“Martinsville had the lowest reported income in [first quarter] data for any metro or micro area but the larger income gains allowed it to inch up relative to Northern Virginia,” Lombard says. “Martinsville’s larger income gains are likely related to the fact that there has been a manufacturing boom nationally in recent years and among Virginia’s metro and micro areas, Martinsville has the largest share of its workforce employed in manufacturing (nearly one in five workers).”

Furthermore, after adjusting for inflation, the only places in Virginia to experience income gains from 2021 to 2022 were in the southern and western parts of the state, Lombard says. “This trend is very much in line with national trends, which have seen lower income and blue collar workers see larger income gains or smaller declines on average than most higher income and white collar workers,” he says.

The chart by the Federal Reserve Bank in Dallas shows how lower-income workers have seen their wages rise the fastest.
The chart by the Federal Reserve Bank in Dallas shows how lower-income workers have seen their wages rise the fastest.

A report by the Federal Reserve Bank in Dallas tells us the pandemic has been good for lower-income workers: “Before the pandemic, growth in nominal earnings was comparable across all five earnings quintiles. But once the pandemic struck, the lowest quintile of earners saw the fastest rate of growth in earnings.”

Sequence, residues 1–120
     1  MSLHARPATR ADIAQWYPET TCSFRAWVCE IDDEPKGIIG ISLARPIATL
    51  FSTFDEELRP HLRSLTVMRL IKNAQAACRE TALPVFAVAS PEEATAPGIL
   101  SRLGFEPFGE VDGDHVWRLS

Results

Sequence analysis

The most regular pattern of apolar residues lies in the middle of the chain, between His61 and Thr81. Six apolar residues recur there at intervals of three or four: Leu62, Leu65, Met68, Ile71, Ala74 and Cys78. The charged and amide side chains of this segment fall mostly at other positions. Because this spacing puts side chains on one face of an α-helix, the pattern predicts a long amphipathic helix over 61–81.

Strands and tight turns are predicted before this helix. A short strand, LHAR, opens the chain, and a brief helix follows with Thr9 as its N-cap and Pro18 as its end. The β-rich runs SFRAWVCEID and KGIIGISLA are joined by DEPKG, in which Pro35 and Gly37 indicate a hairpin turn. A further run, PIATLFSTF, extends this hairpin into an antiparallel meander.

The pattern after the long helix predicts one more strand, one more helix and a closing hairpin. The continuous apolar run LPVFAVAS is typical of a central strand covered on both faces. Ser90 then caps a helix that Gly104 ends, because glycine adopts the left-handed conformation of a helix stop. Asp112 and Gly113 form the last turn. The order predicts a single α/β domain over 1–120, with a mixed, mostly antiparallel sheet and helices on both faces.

Different people might answer that “Are you better off?” question different ways.

But wait, there’s more good news: “The higher wages also appear to be pulling more southern Virginians into the workforce,” Lombard says. “Even though the 20 to 65 population is declining in the Martinsville region, the number of private sector employees has not declined, causing labor force participation rates to rise. This is a positive change, particularly when you consider that over the past decade, parts of Southwest Virginia have had over three-fifths of adults not employed or looking for work, compared to one-fifths or one quarter in Northern Virginia.”

So, here’s something to celebrate in Martinsville. It may be McLean we need to worry more about.

Want to read more about Virginia’s changing demographics? We’ve collected all our demographic coverage here.

Yancey is editor of Cardinal News. His opinions are his own. You can reach him at